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Walking Tours In Singapore – 7 Fantastic Options

Standing on the waterfront in Singapore

Are you heading to Singapore? The beautiful beast of a country, it is truly a stunner. From its lush green grass fields to its cerulean blue waves, the country is an absolute beauty to explore.      

Most tourists who head to this Asian island sing praises of its gorgeous scenery, but there’s more to it. The country introduces tourists and foreigners to a diverse and mesmerizing culture and boasts a heritage worthy of envy.      

Singapore, also known as the “Lion City,” has some of the most historic and ancient landmarks, making it an excellent place for history buffs.     

But what truly brings foreigners to this fantastic part of the world is the kindness and compassion of its people, who are always willing to help.

For those visiting Singapore, exploring all it has to offer and making the best of the trip is a priority.

So, whether you have five days in Singapore, one week, or longer, a great way to explore any country is to take a tour on foot. Keep scrolling as I have created the best Singapore walking tours, which save money and allow for self-paced exploration.

Reasons To Take A Walking Tour

Local operators offer walking tours which showcase the culture and history with a tour guide. You can even take a free walking tour (with Monster Day Tours), but the expectation is to tip heavily at the end.

Alternatively, exploring independently without following a set schedule gives more freedom to browse, take a detour, or break for a meal. 

Before we begin with the list of Singaporean walking tours, let’s talk about why one should take a walking tour:

Easier to Explore in Detail – Without taking a walking tour, one might explore too quickly to truly enjoy the experience. Walking tours allow for exploration of a place up close, taking in each and every detail.

Explore at Your Own Pace – By touring Singapore on foot, you decide on the pace. Organized tours have a tight schedule, are in a group setting, and guests must follow along and not fall behind. However, walking allows for calm and slow exploration.

On self-guided walking tours, you decide the time and the destination. Going with a large group can pose challenges and make communication difficult for introverts.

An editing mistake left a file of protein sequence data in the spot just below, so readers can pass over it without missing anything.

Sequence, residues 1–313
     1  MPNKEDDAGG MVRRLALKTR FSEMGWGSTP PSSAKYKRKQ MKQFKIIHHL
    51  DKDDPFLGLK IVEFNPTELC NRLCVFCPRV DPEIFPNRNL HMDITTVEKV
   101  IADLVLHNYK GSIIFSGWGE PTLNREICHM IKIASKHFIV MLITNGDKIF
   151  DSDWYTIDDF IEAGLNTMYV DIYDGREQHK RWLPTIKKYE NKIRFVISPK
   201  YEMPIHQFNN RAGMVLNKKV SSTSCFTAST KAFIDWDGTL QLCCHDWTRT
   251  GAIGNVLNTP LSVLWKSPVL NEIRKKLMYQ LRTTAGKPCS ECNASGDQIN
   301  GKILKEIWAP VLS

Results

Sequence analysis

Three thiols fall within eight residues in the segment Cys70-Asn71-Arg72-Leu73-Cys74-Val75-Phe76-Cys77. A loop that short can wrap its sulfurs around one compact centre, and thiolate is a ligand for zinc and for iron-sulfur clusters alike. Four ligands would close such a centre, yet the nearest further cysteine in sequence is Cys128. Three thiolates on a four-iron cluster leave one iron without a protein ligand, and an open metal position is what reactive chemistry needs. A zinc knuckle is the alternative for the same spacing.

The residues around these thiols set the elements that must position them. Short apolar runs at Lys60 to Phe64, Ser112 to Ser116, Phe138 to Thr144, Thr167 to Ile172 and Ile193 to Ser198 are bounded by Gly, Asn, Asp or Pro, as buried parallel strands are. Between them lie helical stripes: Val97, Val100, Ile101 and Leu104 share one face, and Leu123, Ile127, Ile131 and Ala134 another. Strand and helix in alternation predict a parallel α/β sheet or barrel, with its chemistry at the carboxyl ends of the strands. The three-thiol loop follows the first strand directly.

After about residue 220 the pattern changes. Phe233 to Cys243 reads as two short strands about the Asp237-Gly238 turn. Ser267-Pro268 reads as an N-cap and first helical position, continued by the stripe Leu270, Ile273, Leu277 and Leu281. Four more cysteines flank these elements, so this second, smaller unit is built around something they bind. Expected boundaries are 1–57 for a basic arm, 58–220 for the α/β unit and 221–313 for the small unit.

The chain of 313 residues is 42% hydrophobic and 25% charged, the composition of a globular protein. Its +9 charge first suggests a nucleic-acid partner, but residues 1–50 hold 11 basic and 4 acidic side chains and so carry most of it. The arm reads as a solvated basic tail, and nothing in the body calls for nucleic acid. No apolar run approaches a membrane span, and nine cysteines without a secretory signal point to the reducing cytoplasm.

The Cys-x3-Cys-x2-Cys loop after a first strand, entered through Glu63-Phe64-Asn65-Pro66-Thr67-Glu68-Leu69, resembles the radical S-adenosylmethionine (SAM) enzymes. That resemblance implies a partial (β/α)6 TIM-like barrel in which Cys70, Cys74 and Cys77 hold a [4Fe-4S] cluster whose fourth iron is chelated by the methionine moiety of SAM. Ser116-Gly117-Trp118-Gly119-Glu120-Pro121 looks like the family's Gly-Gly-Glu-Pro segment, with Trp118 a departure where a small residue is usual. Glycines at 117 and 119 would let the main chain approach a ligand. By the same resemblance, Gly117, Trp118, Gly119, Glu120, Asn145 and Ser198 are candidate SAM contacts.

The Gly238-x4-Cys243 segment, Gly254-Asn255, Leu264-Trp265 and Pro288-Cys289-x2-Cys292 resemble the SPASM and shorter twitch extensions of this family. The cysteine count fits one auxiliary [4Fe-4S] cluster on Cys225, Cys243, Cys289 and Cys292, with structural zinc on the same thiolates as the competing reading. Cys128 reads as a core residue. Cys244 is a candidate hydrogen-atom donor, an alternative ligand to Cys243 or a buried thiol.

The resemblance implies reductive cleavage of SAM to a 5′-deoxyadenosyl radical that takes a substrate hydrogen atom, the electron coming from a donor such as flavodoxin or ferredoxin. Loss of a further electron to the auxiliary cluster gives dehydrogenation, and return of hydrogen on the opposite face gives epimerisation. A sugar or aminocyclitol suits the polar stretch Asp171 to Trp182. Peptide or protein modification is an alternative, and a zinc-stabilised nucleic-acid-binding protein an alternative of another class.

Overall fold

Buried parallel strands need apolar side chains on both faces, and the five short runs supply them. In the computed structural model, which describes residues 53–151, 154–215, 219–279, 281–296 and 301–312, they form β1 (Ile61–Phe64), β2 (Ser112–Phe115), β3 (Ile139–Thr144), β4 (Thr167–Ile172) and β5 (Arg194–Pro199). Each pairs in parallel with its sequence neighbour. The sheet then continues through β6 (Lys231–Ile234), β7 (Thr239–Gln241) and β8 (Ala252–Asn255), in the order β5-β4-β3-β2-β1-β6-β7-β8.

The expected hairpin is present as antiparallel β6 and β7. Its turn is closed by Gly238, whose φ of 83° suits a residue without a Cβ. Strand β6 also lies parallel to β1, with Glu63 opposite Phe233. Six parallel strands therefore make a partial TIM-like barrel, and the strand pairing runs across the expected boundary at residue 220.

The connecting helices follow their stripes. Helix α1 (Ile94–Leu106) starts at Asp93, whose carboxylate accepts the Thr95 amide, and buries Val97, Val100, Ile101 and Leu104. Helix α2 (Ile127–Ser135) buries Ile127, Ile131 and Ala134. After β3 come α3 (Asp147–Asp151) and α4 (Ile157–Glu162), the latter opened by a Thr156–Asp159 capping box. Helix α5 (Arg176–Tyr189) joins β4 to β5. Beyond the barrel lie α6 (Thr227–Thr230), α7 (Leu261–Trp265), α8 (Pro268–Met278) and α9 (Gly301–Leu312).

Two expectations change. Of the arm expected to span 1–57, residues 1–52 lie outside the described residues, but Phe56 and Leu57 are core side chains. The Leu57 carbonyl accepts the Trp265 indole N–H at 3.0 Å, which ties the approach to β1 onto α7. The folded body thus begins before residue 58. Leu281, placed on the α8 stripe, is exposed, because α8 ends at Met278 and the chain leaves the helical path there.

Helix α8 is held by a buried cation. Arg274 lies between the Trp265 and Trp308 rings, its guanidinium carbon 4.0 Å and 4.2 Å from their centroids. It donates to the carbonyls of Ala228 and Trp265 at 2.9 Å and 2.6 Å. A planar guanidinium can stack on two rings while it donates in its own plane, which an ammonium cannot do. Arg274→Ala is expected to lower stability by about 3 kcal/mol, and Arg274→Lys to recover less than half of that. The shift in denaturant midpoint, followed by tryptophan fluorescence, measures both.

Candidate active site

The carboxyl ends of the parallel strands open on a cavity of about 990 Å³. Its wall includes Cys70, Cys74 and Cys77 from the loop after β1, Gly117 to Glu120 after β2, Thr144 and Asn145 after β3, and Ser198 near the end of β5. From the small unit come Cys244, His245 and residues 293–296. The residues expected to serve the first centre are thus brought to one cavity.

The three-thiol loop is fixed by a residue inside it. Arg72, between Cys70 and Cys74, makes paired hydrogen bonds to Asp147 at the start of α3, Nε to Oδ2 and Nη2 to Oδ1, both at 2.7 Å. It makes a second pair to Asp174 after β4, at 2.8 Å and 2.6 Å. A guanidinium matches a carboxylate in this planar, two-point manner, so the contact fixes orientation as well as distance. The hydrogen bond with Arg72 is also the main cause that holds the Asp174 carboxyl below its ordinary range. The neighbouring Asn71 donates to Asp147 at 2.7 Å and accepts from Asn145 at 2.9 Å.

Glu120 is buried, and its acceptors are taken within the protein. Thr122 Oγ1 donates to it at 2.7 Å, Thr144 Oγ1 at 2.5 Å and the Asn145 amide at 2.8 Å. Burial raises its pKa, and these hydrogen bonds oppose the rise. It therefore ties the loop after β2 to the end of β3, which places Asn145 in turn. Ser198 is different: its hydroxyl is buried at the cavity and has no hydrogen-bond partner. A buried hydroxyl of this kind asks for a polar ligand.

However, choosing a self-guided walking tour allows for personal control over the experience.

It’s Healthy – An obvious benefit to walking tours is that it provides physical fitness. We like to use a step app that counts how many steps we’ve done each day.

The Buddha Tooth Temple and the National Gallery of Singapore, two places to see on a walking tour
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Best Time To Walk In Singapore

Singapore is a year-round destination with no real seasons. However, while the country’s weather is beautiful year-round, it might be a little drastic for those coming from colder climates.

Winters in Singapore are pretty pleasant, but summers can get quite hot. Since the rainy season brings a lot of humidity, it might not be ideal to visit in December and January.

The ideal time to visit the country is during the dry months, like February and March. During these months, the country experiences lower humidity levels.

To avoid the midday sun, plan to walk early in the morning or later in the evening. We also carried compact umbrellas not just for the occasional shower but to shield the sun on really hot days.

Self-Guided Singapore Walking Tours

Now that we are up to speed on Singaporean weather, let’s dive into the main topic: walking tours available here.

Lots of tour companies are willing to take you to Singapore’s historical and great attractions, but there’s something relatively peaceful and comfortable about exploring by yourself.

For couples or solo travelers, these walking tours are best.

Chinatown Tour

To reach the starting point of the walk, take the MRT to Chinatown and stroll down Mosque Street to South Bridge Road. From here, explore one of Singapore’s most famous places.